Have you ever been plagued by a string of misadventures? Ever groaned “Why is this happening to me?” as you miss your train, lose your wallet, and step in something nasty that you’d have sworn wasn’t there a moment ago? Has it ever crossed your mind – have you ever wondered – whether perhaps, maybe – you’ve been cursed?
Curses are a staple of folklore and fairytale. Some are blatant: uttered aloud as a prophecy of unavoidable future misfortune. Some creep up on their victims, gradually plucking at their lives until the eventual dawning realisation that their bad luck may not just be down to coincidence or clumsiness. And some are literally transformative, changing the physical appearance or abilities of the one who has been cursed. Generally though, and whether you’re the curser or cursee, curses are bad news for all who are involved.
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Cursed from Titan Books, edited by Marie O’Regan and Paul Kane, opens up the idea of the curse to a variety of interpretations, presenting 18 stories and two poems that take multiple angles on the theme, from re-imagining well-known fairytales – with surprising results – to creating entirely new strains of (hopefully) fictional curse.
There are big names here – Neil Gaiman, Christina Henry, M. R. Carey – and whilst some of these tales have previously been published elsewhere the majority make their debut in this malediction-filled tome. And actually, there’s not a weak spot in this book.
Christina Henry opens with an elegant take on Snow White that demonstrates not only a deep knowledge of fairytales but an awareness that the patriarchy has unfairly pointed the finger of blame at the women of these stories on too many occasions. Wicked stepmother? Perhaps not.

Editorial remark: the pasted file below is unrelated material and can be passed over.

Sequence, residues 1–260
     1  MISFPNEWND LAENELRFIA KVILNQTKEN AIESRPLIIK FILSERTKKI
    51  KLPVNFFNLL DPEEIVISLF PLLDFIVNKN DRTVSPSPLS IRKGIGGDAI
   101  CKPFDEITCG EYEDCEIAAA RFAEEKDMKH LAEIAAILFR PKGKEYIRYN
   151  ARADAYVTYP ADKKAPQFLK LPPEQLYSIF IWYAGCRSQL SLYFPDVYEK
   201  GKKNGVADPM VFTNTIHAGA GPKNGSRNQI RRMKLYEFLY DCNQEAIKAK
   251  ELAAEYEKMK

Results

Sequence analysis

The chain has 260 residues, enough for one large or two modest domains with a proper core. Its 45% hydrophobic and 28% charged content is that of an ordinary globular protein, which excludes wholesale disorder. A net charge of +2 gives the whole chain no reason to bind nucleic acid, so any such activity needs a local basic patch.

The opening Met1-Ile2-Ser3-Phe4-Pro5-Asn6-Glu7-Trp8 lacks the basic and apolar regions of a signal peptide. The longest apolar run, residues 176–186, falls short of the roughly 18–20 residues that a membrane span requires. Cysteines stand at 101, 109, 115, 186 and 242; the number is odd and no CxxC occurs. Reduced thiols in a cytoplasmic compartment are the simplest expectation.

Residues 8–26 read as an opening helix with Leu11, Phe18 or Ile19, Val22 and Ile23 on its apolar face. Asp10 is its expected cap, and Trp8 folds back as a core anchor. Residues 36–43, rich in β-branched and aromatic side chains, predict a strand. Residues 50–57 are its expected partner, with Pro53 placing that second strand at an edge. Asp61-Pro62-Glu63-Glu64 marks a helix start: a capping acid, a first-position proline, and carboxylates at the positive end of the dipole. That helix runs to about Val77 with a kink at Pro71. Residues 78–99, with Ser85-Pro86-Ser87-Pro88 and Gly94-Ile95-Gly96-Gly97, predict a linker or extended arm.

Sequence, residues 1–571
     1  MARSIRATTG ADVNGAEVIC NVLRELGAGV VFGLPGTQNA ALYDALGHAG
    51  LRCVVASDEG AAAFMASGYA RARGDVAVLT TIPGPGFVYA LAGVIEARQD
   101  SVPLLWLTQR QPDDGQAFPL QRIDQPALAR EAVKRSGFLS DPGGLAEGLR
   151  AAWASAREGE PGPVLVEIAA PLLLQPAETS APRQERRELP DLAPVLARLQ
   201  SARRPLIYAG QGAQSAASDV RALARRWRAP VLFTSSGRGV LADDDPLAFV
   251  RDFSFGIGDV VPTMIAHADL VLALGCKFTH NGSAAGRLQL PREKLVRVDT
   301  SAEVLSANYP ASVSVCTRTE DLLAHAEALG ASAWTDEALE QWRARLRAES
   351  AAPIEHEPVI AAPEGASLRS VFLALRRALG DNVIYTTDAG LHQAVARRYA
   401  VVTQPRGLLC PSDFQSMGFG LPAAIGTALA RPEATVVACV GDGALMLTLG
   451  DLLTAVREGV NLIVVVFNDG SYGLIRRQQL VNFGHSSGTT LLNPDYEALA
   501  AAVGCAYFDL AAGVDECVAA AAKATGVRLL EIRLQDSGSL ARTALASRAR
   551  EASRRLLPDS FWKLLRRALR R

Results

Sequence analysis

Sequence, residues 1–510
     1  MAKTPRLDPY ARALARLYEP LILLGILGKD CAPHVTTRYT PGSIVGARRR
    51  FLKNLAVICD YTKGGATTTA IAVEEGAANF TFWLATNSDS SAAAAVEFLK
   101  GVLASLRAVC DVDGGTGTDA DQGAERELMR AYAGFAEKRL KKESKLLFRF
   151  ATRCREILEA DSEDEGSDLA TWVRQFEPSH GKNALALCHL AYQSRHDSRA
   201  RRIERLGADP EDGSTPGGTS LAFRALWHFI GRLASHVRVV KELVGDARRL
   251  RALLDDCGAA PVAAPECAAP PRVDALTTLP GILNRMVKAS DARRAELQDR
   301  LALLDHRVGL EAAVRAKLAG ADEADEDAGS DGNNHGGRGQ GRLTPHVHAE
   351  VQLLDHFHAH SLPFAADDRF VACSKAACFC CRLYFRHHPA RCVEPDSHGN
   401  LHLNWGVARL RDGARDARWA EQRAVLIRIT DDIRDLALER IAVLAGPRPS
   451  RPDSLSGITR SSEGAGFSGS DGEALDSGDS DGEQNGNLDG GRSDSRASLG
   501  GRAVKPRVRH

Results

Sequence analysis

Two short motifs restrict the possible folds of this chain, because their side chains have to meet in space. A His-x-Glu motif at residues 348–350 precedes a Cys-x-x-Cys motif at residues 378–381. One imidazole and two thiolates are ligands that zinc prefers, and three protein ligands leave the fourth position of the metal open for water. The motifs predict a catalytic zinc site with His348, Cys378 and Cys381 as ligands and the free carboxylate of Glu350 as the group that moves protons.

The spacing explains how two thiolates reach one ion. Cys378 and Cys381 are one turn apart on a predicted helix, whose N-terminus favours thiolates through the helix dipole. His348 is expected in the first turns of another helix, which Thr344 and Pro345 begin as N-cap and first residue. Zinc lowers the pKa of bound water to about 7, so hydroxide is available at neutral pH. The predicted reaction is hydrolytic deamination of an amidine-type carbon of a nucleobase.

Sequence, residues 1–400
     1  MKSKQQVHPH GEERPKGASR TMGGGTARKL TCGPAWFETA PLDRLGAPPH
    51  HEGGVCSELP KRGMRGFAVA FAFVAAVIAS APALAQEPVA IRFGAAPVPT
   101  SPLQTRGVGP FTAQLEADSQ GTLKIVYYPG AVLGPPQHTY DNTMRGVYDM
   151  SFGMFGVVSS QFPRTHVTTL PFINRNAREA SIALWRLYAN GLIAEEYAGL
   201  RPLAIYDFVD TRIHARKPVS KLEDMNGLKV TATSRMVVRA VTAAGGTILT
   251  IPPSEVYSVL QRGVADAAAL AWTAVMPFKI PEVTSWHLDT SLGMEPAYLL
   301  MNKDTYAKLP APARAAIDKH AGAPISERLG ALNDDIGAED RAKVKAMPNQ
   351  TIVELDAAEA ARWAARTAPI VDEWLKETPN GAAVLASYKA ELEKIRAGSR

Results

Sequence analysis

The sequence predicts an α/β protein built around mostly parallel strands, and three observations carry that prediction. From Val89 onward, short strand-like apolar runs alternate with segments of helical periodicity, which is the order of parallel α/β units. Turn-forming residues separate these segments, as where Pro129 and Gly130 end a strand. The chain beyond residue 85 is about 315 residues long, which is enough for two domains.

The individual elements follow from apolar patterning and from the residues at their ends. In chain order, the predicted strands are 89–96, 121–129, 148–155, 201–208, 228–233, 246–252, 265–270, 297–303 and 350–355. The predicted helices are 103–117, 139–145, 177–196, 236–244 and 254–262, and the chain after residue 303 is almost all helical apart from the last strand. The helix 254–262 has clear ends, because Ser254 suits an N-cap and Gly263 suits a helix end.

‘Skin’ by James Brogden is an upsettingly visceral take on the theme, whilst M. R. Carey’s ‘Henry And The Snakewood Box’ takes a lighter, almost comical tone. ‘Haza and Ghani’ by Lilith Saintcrow is a transposed reworking of Hansel and Gretel, and ‘The Merrie Dancers’ by Alison Littlewood – well, you’ll know it when you see it.
‘Again’ by Tim Lebbon, and ‘Hated’ by Christopher Fowler take a rather modern look at the nature of curses and how they might affect us. ‘Listen’ by Jen Williams is a mournful tragedy, and ‘Faith & Fred’ by Maura McHugh is a dire warning, whilst ‘New Wine’ by Angela Slatter and ‘Wendy, Darling’ by Christopher Golden are chilling new perspectives on familiar stories. These 18 prose stories are enclosed by a poem at each end: ‘Castle Cursed’ and ‘Castle Waking’ by Jane Yolen – a very fitting beginning and ending.
Usually collections of short stories have a few standout entries, a few weak points, and a quantity of enjoyable but perhaps easily forgettable tales – depending, of course, upon the reactions of the individual reader. But Cursed has clearly not lived up to its name, as every story selected for inclusion here is of incredibly high quality, delicious and moreish, provoking in the reader a compulsion to keep turning the pages until the book is complete. A compulsion strong enough to be a curse? Perhaps. You’ll need to buy a copy and find out for yourself.
Cursed is out now from Titan Books.